T.339. Plaintiff argues that Dr. Moore's opinion supports a finding of a marked limitation in SAH's ability to care for himself because she stated that: "He is not aware of danger and does not always take needed precautions." T.340. Dr. Moore also stated, however, that SAH was "generally cooperative" to questioning, his hygiene was "fair" and that his insight and judgment appeared "fair". T. 338-40. Further, the "Teacher Questionnaire", which SAH's fifth grade teacher, Todd Marris, completed, indicates that SAH had no problems in the domains of: acquiring and using information, attending and completing tasks, interacting and relating with others, moving about and manipulating objects, or caring for himself. T.156-60. Mr. Marris commented:

[SAH] is a very bright and attentive student. He is a typical fifth grade boy who enjoys sports and physical activity. [SAH] has been very well-behaved in the classroom environment, completes his assignments in a timely fashion, and completes his homework on a regular basis.
When [SAH] has had difficulty in school it usually occurs outside of class, such as in a special area subject. Part of the reason for the trend may be the difference of environment and teaching style.


Regarding SAH's hygiene, plaintiff testified: "He's supposed to brush his teeth two times a day, and he's supposed to shower, he does it at will. You know, if I don't stay on him about it." T.42. She further stated that because he constantly "skip[s] days brushing his hair", she shaves his head. T.43. Accordingly, the ALJ's finding that SAH suffered less than a marked limitation in his ability to care for himself is supported by substantial evidence.

D. Credibility

Plaintiff argues that the ALJ improperly discounted her testimony. (Dkt. No. 16, p. 14). SSR 96-7p requires ALJs to articulate the reasons behind credibility evaluations:

The reasons for the credibility finding must be grounded in the evidence and articulated in the determination or decision. It is not sufficient to make a conclusory statement that "the individual's allegations have been considered" or that "the allegations are (or are not) credible."... The determination or decision must contain specific reasons for the finding on credibility, supported by the evidence in the case record, and must be sufficiently specific to make clear to the individual and to any subsequent reviewers the weight the adjudicator gave to the individual's statements and the reasons for that weight.

1996 WL 374186, at *4 (S.S.A. Jul. 2, 1996).

As a fact finder, the ALJ is free to accept or reject testimony of a claimant's parent. Williams on behalf of Williams v. Bowen, 859 F.2d 255, 260 (2d Cir. 1988). A finding that a witness is not credible must be set forth with sufficient specificity to permit intelligible review of the record. Id. (citing Carroll v. Sec'y of Health and Human Servs., 705 F.2d 638, 648 (2d Cir. 1983). If the child claimant is unable adequately to describe his symptoms, the ALJ must accept the description provided by testimony of the person most familiar with the child's condition, such as a parent. Jefferson v. Barnhart, 64 F.Appx. 136, 140 (10th Cir. 2003). In such a case, the ALJ must make specific findings concerning the credibility of the parent's testimony, just as he would if the child were testifying. Id. (citation omitted) (holding that the finding that the mother's testimony was, "credible only to the extent that [it was] supported by evidence of record" is "standard boilerplate language" and an insufficient explanation of credibility).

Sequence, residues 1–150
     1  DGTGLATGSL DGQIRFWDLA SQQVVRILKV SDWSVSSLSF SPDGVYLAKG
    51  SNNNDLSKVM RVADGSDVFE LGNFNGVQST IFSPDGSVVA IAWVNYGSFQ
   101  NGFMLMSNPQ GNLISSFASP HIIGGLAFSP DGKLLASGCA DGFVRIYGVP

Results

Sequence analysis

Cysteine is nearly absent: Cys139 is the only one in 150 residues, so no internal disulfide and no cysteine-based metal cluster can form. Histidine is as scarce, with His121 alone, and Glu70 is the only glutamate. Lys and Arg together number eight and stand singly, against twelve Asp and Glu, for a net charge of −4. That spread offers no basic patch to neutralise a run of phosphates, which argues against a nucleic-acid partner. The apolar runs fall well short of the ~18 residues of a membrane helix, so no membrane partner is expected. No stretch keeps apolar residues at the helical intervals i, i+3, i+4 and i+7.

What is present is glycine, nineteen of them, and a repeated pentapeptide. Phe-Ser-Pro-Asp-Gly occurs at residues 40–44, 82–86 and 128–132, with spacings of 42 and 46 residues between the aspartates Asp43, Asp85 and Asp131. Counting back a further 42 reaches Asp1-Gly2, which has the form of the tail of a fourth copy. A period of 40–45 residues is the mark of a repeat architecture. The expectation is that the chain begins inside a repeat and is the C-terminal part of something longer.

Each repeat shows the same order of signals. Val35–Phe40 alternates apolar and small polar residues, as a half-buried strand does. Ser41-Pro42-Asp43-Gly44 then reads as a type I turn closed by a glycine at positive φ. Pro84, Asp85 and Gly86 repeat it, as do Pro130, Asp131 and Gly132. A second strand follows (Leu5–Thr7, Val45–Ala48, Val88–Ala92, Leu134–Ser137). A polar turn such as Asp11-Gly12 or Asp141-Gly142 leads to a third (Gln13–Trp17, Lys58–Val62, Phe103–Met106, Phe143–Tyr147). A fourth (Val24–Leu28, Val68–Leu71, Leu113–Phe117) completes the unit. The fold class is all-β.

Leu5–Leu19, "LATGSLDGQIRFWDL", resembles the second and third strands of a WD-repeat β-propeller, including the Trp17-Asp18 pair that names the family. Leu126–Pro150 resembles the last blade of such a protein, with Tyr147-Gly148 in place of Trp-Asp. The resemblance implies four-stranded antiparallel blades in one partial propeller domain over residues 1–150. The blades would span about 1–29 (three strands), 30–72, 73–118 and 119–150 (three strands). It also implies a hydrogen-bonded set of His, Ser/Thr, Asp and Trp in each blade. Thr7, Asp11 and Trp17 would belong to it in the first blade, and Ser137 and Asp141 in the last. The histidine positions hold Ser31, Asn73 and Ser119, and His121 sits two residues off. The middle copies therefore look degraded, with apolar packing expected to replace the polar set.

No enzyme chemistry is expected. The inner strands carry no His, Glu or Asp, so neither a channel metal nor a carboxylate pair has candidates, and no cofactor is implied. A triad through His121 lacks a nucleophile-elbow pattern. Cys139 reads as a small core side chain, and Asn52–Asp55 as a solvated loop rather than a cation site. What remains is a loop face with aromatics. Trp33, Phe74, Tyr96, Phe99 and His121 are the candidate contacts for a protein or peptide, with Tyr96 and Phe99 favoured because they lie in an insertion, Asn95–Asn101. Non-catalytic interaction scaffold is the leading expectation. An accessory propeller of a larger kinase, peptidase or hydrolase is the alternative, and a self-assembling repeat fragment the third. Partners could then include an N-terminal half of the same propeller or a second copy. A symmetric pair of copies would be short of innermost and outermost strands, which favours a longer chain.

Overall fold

Where a significant portion of the record supports the testimony, the ALJ must explain why he has determined that the testimony is not credible. Smith v. Barnhart, 157 F.Appx. 57, 62 (10th Cir. 2005); see also Briggs ex rel. Briggs v. Massanari, 248 F.3d 1235, 1239 (10th Cir. 2001) (ALJ's conclusion that the mother's testimony was, "unconvincing, not substantiated by objective medical findings, and credible only to the extent that claimant's impairments have not produced marked and severe limitations" was insufficient as significant probative evidence supported testimony).

In this case, the ALJ thoroughly discussed plaintiff's testimony but found certain aspects were not supported by the evidence in the record. For example, plaintiff testified that SAH is unable to sit still, does not follow directions and cannot multitask. As the ALJ pointed out, however, his school records show that while SAH has some difficulty sitting still, it does not interfere with his ability to complete his school work, he does well academically and needs no modifications of his schoolwork or tests. T.15. The ALJ also found that plaintiff's statements regarding SAH's inability to care for himself were inconsistent with evidence from Moretin and the consultative examiner, which indicated that "appeared net and clean and dressed appropriately" and that he "was cooperative, maintained good eye contact and [was] able to stay on task." T.370. Moore indicated that SAH was able to dress, bathe and groom himself. T.339. Thus, the ALJ's assessment of plaintiff's credibility is supported by substantial evidence.


For these reasons, it is hereby

ORDERED that the Commissioner's motion for judgment on the pleadings (Dkt. No. 16) is GRANTED; and it is further

ORDERED that plaintiff's motion for judgment on the pleadings (Dkt. No. 12) is DENIED; and it is further

ORDERED that the Clerk of the Court is directed to enter judgment for the Commissioner and Close this Case.